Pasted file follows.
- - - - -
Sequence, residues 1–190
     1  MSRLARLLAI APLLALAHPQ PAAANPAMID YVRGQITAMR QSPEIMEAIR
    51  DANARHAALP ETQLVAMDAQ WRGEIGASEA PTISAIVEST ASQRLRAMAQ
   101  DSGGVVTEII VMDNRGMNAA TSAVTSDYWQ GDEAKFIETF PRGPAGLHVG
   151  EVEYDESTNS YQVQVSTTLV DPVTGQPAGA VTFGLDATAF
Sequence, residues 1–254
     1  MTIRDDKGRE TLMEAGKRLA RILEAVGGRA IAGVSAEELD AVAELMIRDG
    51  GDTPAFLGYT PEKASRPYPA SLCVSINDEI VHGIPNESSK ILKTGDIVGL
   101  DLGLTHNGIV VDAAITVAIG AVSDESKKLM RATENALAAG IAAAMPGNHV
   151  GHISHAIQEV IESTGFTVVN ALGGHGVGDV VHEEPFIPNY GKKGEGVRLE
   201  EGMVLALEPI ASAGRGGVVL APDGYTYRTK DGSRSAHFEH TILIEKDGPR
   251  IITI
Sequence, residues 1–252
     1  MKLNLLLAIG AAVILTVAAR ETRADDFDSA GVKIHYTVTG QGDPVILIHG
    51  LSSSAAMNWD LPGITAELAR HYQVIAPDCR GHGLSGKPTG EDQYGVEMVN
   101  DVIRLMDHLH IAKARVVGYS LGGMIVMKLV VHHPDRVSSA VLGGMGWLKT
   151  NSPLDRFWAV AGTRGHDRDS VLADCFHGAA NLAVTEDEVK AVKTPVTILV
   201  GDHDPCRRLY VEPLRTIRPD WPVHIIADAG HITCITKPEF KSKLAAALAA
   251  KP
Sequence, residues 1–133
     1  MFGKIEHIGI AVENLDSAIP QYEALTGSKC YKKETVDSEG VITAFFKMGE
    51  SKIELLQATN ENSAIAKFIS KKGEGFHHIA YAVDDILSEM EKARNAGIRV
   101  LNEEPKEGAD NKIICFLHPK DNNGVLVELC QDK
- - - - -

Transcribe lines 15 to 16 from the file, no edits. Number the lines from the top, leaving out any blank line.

    51  LSSSAAMNWD LPGITAELAR HYQVIAPDCR GHGLSGKPTG EDQYGVEMVN
   101  DVIRLMDHLH IAKARVVGYS LGGMIVMKLV VHHPDRVSSA VLGGMGWLKT